Parenting blog Romper raises concerns about higher academic standards, noting that “many parents and teachers take issue with” the educational tools that the standards provide.
The post links to a 2015 teacher survey that notes that “only 40 percent of teachers agree with Common Core and approve of its implementation.” However, those arguments run counter to more recent polling that shows most parents and teachers strongly support rigorous academic expectations that prepare students for college and careers.
All of the claims made in the post have been proven false. That “recent” survey? It’s more than a year old and a number of reputable surveys contradict its findings. Most recently, Education Next found that “a full two-thirds of respondents favor college and career ready standards that are consistent from state to state and school district to school district, and when no label was attached, support for high standards increased compared to previous years.”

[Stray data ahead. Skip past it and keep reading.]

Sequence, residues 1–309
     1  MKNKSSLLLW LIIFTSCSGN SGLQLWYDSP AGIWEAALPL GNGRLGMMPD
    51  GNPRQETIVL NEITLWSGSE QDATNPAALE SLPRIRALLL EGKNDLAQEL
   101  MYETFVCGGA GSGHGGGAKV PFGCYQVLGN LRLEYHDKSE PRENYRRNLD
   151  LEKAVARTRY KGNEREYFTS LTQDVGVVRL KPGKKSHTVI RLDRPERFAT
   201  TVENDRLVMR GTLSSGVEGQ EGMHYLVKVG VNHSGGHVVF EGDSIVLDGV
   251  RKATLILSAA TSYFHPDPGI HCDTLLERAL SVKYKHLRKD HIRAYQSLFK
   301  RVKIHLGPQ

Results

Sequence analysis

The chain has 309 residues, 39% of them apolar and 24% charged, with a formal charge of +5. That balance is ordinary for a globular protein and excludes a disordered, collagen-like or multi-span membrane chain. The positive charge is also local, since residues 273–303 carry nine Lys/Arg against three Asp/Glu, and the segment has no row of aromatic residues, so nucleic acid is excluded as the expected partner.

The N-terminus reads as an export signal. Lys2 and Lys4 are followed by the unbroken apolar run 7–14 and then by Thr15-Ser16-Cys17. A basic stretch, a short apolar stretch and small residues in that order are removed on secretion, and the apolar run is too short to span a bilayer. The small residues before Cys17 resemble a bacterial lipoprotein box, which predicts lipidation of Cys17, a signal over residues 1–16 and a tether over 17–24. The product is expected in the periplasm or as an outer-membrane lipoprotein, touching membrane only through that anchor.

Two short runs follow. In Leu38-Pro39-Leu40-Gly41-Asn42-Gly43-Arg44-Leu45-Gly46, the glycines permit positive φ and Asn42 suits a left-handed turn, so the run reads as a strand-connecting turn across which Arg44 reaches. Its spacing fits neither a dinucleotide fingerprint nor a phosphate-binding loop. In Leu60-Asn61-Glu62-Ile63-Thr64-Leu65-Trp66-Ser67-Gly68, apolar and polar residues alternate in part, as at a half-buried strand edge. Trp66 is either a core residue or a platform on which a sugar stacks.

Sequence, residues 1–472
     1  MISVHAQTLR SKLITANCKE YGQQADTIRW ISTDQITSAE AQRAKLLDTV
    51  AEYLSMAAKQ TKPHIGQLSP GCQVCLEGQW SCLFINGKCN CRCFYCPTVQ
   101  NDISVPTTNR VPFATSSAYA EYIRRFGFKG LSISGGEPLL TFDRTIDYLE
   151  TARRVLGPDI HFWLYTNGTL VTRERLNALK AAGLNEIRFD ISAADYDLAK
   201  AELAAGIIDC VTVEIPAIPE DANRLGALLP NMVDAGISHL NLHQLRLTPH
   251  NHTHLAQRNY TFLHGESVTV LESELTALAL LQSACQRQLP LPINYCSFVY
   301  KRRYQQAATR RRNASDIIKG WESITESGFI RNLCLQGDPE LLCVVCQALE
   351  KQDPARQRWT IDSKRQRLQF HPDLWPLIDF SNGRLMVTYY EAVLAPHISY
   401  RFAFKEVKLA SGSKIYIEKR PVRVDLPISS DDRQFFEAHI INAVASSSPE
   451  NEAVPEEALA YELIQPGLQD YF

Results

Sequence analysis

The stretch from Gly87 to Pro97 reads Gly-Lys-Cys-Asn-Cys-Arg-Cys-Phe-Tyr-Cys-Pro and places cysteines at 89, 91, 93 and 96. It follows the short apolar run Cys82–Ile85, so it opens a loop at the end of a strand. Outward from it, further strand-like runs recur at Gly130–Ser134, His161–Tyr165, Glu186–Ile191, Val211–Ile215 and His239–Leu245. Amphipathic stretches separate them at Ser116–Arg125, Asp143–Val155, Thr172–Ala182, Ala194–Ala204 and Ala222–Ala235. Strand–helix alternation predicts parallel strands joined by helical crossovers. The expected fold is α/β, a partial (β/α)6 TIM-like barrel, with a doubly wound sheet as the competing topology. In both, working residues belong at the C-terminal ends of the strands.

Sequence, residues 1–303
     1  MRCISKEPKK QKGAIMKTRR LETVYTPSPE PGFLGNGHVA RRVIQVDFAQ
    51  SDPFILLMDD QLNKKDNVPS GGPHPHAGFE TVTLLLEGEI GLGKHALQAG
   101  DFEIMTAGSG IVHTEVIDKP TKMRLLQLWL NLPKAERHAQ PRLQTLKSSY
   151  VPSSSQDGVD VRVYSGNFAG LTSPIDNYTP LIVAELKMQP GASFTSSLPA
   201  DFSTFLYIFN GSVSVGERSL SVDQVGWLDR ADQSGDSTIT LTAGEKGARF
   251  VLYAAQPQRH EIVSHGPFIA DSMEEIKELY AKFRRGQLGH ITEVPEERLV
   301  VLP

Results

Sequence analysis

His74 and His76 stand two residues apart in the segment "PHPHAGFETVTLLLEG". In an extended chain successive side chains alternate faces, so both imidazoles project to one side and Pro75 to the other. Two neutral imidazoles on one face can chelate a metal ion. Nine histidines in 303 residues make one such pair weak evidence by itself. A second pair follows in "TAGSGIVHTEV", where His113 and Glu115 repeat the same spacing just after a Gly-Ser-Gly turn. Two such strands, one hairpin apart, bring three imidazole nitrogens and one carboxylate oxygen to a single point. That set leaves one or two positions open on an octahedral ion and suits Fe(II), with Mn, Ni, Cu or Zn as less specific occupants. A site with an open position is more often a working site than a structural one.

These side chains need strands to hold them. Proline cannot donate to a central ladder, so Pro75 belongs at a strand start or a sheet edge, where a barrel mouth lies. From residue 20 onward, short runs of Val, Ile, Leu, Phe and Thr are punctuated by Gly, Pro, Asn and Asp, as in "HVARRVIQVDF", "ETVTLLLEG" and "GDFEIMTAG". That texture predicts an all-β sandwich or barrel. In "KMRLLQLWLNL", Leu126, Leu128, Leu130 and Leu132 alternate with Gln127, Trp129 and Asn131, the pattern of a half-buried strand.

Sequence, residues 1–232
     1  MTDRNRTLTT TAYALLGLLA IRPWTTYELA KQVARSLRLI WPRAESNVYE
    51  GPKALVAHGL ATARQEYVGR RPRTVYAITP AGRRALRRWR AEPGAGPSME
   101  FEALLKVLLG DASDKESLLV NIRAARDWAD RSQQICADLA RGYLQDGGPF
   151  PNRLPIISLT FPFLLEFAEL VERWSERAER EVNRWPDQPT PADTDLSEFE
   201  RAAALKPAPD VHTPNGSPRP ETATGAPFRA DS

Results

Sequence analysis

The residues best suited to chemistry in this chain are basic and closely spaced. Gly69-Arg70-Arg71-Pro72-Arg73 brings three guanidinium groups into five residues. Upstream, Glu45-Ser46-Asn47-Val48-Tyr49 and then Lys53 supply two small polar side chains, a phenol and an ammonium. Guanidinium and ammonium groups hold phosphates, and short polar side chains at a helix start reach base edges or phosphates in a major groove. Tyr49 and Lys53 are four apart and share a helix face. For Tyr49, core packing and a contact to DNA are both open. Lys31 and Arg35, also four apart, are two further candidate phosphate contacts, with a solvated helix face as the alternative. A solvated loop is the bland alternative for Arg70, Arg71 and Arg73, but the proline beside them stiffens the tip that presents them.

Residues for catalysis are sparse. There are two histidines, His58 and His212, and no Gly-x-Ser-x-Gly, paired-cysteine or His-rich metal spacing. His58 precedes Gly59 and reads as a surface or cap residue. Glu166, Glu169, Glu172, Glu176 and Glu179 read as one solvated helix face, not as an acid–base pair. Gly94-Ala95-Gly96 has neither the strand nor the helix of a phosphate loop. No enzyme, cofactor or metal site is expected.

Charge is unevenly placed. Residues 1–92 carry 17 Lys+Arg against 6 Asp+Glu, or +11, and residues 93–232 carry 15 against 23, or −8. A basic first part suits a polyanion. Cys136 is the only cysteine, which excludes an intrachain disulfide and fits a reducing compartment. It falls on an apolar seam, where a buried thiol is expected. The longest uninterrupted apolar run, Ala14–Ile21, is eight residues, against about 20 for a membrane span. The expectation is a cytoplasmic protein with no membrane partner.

And teachers themselves agree. 21 State Teachers of the Year wrote in Education Week, “The Common Core is not a federal takeover of our schools, nor does it force teachers into a rigid model for classroom instruction… In fact, under the Common Core, teachers have greater flexibility to design their classroom lessons—and can, for the first time, take advantage of the best practices from great teachers in other states.”
Romper also buys into some of the oldest and most fraudulent allegations about higher standards. Standards are not a curriculum, but instead a set of academic benchmarks for what students should know and be able to do by the end of each grade level.
The standards are not “anchored by political, bureaucratic interests” but instead were developed by educators and educational researchers with public input and voluntarily adopted by more than 40 states.
Higher academic standards are showing their promise by helping improve educational outcomes for students. Parents and educators agree: that’s a positive benefit that far outweighs any misinformation.